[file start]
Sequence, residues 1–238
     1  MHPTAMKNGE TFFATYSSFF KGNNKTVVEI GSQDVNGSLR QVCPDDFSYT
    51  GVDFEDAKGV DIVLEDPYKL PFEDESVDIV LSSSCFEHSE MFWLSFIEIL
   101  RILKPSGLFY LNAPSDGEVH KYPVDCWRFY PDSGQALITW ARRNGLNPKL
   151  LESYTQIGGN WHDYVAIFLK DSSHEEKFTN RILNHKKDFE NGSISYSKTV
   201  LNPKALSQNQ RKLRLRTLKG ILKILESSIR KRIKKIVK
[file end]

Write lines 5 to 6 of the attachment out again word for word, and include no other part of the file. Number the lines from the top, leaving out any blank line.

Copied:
   151  LESYTQIGGN WHDYVAIFLK DSSHEEKFTN RILNHKKDFE NGSISYSKTV
   201  LNPKALSQNQ RKLRLRTLKG ILKILESSIR KRIKKIVK